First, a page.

Congratulations to master’s student Zoraida P. Pérez Delgado, who has been awarded a place in the prestigious John A. Knauss Marine Policy Fellowship program.
As an UMCES Chesapeake Biological Laboratory (CBL) master's student studying under Dr. Hali Kilbourne, Zoraida has been using coral records from the Atlantic, Indian and Pacific Ocean to understand how volcanic events have historically impacted precipitation and temperature over the last 400 years. By understanding how our climate has changed in the past, scientists like Zoraida hope to improve models used to predict future changes that have been accelerated by the burning of fossil fuels.
Zoraida has participated in the annual CBL Open House and has volunteered her time in the CBL Visitor Center, allowing her to engage members of the community in learning about her research. “My time at CBL has enabled me to develop my scientific communication skills further,” says Zoraida, “I have also gained a new perspective on government leadership and cultural interactions, having moved here from Puerto Rico, and I feel a responsibility to increase awareness regarding the underrepresentation of minorities and people from a diverse background within STEM.”
Hoping to build on the skills she’s developed at CBL, Zoraida decided to apply for a Knauss Fellowship while writing her thesis. “What motivated me to apply to the Knauss Fellowship program is that I believe it will help me understand how science and policy interact, giving me the skills necessary to translate my scientific knowledge and research experience into effective policy for the betterment of our world,” explains Zoraida, “Being a fellow right after receiving my Master of Science degree will not only help me understand all the different career opportunities that exist outside of academia, but will give me the skill set necessary to make more informed choices about the training I pursue during my Ph.D.”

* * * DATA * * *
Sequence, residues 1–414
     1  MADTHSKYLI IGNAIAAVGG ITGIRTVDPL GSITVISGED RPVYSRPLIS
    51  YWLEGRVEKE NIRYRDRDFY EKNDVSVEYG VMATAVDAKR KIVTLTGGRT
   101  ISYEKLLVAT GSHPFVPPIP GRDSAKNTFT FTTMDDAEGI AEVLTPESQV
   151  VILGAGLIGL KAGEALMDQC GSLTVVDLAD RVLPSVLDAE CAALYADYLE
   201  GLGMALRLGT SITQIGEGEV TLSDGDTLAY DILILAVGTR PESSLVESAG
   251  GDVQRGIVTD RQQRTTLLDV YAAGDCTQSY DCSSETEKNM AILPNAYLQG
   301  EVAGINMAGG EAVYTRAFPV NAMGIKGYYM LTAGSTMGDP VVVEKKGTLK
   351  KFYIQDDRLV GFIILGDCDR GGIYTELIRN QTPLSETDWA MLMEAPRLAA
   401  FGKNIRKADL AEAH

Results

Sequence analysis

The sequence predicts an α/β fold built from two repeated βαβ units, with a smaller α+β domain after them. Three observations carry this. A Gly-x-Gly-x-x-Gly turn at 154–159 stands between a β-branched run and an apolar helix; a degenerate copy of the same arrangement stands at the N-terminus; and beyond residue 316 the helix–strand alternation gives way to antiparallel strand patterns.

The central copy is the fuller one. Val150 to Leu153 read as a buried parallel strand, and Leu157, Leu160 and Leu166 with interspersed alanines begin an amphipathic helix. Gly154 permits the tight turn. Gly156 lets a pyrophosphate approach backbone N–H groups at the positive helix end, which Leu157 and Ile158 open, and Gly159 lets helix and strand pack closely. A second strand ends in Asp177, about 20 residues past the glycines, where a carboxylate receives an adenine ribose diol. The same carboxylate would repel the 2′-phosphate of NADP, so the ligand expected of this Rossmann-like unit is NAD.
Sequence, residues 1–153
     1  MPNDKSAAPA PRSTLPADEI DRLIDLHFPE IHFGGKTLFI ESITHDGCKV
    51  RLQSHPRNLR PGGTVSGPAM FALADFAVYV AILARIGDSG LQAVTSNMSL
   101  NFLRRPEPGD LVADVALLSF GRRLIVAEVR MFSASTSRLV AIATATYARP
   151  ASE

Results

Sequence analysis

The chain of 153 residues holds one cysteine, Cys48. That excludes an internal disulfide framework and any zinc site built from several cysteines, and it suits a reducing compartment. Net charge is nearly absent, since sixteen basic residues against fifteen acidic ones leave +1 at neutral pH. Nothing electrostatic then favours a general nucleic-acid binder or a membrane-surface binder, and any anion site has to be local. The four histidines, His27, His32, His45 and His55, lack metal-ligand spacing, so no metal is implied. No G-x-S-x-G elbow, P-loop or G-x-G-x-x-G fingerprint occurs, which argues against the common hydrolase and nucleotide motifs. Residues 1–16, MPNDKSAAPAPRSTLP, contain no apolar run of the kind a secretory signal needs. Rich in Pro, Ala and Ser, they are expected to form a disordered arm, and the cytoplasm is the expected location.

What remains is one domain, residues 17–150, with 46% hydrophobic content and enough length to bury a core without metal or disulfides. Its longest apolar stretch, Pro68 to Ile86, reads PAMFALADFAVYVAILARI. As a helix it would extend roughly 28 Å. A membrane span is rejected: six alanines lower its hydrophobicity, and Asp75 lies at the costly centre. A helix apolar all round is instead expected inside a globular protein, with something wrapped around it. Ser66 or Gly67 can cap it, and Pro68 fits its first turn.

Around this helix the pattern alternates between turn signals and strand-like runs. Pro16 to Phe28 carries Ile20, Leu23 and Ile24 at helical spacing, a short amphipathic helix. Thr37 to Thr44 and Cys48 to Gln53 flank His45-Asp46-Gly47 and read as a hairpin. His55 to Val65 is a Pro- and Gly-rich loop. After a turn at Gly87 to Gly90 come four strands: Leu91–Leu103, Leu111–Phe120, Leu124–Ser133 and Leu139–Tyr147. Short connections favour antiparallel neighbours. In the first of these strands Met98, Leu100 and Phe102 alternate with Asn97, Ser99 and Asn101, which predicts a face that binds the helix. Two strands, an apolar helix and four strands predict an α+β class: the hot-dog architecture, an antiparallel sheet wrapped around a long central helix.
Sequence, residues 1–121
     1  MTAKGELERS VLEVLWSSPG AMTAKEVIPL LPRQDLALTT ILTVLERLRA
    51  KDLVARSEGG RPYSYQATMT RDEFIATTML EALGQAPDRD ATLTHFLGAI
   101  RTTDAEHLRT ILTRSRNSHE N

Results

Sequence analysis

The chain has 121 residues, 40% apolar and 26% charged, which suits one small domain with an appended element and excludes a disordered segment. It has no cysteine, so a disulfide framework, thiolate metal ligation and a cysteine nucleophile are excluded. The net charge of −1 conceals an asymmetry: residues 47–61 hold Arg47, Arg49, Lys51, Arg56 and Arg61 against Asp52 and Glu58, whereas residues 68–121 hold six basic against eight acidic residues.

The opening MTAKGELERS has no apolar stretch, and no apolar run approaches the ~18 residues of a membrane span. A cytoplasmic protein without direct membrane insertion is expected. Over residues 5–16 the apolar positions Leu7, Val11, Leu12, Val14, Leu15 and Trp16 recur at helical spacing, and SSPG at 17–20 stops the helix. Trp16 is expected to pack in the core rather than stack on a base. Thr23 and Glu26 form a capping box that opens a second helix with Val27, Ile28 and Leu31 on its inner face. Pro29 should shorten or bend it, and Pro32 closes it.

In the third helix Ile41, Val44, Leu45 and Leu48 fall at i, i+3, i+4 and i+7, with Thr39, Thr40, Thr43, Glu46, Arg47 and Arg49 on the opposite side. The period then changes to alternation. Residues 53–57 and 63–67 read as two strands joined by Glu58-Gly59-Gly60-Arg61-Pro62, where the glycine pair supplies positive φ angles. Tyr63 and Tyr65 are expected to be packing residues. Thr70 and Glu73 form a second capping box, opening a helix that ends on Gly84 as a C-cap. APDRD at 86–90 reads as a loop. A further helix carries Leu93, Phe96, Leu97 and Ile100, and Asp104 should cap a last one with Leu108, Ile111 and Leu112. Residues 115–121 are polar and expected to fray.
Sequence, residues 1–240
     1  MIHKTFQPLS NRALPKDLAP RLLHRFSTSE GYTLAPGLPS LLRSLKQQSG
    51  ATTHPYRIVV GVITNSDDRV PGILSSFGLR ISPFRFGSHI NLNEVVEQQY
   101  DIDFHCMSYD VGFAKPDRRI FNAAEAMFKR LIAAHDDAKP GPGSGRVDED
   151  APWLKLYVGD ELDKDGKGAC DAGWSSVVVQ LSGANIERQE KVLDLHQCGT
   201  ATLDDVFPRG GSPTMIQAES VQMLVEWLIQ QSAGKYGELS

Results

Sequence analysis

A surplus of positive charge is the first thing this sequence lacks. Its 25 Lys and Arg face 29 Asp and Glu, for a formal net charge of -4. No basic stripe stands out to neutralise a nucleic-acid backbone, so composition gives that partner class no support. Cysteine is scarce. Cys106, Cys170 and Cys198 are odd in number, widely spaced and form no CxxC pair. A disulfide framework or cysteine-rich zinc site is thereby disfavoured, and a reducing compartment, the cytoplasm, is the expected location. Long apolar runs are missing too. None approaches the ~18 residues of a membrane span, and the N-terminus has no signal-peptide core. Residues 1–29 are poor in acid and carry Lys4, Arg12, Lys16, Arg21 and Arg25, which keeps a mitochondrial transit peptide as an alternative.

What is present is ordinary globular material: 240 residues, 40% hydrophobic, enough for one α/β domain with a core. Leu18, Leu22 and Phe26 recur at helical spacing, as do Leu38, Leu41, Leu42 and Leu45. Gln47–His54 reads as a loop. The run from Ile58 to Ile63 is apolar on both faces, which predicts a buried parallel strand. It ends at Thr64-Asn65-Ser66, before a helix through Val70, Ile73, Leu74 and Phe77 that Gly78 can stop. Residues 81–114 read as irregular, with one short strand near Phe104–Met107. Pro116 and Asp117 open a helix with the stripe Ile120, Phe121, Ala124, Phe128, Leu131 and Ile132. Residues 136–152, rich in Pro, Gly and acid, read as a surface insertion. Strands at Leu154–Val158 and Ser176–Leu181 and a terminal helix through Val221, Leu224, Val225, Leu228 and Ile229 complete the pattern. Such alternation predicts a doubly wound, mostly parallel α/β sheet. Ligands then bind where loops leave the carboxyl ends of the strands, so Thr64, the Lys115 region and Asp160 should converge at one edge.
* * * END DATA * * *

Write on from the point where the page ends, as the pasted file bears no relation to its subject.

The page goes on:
The fellowship program will help Zoraida do just that. Through the Knauss Fellowship program, the National Oceanic and Atmospheric Administration (NOAA) and Sea Grant awards early-career professionals with one-year fellowships working in federal government offices in Washington, D.C. The program allows graduate students to pursue their interests in ocean, coastal and Great Lakes resources by engaging them in work related to the national policy decisions affecting those resources.
Zoraida, who will be joining the 2019 cohort of Knauss Fellows, will start in the program this coming February working as the Special Assistant to the Assistant Administrator for Oceanic and Atmospheric Research, at NOAA’s front office. Ultimately, she aims to earn her Doctorate and pursue a career at a governmental agency.